Yehuda Weisen asked:

What do you do if you really want to give your estate to someone?

The Kollel replies:

One must transfer the estate while he is still alive by making a Kinyan. (This can be accomplished even without the presence of the beneficiary through Zechiyah.) The giver must specify that he is giving the estate "me'Achshav u'Le'achar Misah" (so that he can continue using it until he dies.)

D. Zupnik

The Kollel adds:

Another method commonly used in Halachic wills is that the distributer of the estate "forces" his heirs to comply with his wishes by obligating himself to pay great sums of money to specified people on the condition that the heirs do not agree to distribute his estate as he specified. This neatly avoids any problems of "Davar she'Lo Ba l'Olam."

See attached file for an example of such a document (courtesy of my brother, Rabbi Elimelech Kornfeld of Ramat Beit Shemesh).

M. Kornfeld

Samuel Kosofsky writes:

K'vod Harav Kornfeld, The last one sounds like a chatzi shtar zachar to me. I have one. The way I understood it is that I obligate myself to a huge amount of money to a Yeshiva or person, more money than I'll ever have. If my children contest my secular legal will then the obligation takes effect. If they don't it doesn't.

I'm still not 100 per cent sure why that means I'm not oveir on the Torah's intent on nachlos.


Samuel Kosofsky

The Kollel replies:

Both of the Shtaros I sent work the same way; one is to obligate heirs to follow *his* will, the other is for the husband to obligate heirs to follow his *wife's* will. They both work by self-obligation, as you wrote. In essence, this is the same as the first way we mentioned to grant an estate -- by making a Kinyan during the life of the giver to grant large sums of money to other people. The point that is added in these Shtaros is that the giver just uses this obligation as a way of "forcing" his heirs to do whatever he wants with his money. In this way, the giver does not have to worry about the problems of Davar she'Lo Ba l'Olam etc.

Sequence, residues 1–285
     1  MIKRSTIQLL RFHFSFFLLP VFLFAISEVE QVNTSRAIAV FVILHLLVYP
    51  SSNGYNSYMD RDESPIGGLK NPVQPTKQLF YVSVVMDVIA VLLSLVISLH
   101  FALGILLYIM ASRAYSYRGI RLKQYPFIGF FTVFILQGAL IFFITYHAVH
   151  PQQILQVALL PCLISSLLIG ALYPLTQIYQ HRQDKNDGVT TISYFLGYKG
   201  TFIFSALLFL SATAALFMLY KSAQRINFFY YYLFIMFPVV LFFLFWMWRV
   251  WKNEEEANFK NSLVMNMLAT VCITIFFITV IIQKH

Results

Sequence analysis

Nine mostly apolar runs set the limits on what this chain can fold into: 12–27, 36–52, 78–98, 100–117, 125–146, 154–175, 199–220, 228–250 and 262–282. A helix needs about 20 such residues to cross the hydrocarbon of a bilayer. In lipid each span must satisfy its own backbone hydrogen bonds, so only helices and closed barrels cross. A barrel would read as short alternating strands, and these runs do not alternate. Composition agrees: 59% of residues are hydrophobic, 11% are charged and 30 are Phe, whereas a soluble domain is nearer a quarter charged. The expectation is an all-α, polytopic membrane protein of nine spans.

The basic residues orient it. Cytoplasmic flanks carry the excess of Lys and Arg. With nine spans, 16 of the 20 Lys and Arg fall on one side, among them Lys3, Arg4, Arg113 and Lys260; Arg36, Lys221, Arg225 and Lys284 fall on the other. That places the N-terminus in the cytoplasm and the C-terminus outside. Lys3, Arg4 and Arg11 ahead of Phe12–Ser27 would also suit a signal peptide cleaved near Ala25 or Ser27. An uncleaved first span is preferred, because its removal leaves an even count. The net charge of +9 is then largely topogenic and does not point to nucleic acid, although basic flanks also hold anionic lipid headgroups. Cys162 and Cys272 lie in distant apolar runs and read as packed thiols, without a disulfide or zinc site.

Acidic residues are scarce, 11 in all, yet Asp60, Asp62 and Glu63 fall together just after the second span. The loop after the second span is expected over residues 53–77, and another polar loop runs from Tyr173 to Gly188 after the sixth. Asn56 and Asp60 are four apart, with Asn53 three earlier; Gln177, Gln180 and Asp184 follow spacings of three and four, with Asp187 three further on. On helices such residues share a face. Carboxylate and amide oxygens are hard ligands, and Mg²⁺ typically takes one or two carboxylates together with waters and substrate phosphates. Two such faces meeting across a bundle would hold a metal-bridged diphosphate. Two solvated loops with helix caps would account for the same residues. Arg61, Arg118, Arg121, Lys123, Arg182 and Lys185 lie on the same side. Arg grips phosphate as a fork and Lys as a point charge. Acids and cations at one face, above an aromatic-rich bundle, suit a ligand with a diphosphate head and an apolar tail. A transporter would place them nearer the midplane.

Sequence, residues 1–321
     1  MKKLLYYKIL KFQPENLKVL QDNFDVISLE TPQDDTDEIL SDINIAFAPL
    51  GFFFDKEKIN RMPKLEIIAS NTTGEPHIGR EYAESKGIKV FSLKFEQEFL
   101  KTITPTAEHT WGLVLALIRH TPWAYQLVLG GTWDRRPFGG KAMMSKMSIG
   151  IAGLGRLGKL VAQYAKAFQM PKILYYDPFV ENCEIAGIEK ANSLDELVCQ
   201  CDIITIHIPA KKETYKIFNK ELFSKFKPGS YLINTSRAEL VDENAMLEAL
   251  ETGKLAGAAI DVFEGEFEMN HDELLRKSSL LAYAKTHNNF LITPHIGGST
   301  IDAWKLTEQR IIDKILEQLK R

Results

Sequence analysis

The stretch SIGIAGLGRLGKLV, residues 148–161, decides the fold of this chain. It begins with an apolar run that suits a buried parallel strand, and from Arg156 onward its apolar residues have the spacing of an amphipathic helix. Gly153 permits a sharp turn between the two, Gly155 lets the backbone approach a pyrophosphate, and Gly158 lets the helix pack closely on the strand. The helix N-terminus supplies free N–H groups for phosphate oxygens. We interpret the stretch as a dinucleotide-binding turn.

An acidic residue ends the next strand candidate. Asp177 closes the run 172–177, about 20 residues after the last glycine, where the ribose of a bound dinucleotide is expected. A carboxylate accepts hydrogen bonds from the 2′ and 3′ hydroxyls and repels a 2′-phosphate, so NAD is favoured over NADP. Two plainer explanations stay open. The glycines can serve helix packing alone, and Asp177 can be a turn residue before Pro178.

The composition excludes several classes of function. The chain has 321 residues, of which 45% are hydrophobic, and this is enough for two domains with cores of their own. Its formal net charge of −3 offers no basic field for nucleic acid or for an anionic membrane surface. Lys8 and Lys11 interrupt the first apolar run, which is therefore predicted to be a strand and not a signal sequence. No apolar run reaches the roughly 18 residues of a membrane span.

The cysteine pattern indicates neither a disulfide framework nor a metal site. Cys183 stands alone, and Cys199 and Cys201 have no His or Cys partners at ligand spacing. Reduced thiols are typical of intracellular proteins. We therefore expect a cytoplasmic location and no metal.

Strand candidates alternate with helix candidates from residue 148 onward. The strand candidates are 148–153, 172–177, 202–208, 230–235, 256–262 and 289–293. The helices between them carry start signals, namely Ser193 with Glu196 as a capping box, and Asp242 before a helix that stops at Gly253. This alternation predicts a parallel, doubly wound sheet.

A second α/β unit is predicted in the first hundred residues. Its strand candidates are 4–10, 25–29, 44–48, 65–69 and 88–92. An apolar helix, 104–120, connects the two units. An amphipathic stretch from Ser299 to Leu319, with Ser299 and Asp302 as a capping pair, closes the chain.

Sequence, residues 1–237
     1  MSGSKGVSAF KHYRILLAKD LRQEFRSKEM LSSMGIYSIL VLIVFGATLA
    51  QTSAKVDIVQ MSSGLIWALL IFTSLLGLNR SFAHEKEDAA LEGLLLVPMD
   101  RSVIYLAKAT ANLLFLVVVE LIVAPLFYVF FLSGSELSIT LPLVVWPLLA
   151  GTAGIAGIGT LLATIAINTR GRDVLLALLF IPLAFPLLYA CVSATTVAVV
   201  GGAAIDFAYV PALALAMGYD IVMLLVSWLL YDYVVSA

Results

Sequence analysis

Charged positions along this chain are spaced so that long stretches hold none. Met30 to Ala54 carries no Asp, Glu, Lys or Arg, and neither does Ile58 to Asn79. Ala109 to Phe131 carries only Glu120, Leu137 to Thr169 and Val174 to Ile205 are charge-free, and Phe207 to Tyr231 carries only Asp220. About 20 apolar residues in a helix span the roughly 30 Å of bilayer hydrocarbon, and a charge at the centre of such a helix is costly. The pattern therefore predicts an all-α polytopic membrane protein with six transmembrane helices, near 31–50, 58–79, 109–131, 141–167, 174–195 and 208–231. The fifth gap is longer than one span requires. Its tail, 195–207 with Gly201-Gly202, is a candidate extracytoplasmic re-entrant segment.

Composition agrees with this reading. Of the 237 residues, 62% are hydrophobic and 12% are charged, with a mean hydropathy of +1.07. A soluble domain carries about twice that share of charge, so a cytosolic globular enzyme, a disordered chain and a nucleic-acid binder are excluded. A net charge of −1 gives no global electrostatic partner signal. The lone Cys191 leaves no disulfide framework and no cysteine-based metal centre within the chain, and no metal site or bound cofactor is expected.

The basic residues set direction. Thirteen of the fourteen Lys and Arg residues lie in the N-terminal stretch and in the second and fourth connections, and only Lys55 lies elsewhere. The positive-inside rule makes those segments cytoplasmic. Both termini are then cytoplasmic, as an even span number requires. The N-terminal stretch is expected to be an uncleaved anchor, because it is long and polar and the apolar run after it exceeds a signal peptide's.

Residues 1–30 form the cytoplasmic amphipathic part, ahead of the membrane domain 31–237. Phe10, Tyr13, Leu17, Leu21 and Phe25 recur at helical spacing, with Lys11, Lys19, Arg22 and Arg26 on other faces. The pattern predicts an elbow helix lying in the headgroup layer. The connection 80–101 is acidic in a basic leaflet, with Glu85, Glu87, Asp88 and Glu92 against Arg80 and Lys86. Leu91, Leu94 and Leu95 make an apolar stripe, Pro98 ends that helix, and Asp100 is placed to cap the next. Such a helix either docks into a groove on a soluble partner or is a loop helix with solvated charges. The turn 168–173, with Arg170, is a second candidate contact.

When one gives gifts to others during his life it is not called "overriding the Torah's laws" of Yerushah, since those laws only apply to what *remains* after death. If a person dies penniless, he has not "thwarted the Torah's will."

As for the tactic of forcing the heirs to give to specific people in this manner, this too does not thwart the laws of Yerushah since the true heirs inherit exactly what they are supposed to; it is *they* who "choose" to give the money to whomever they want (at their father's prompting).

Be well,

Mordecai Kornfeld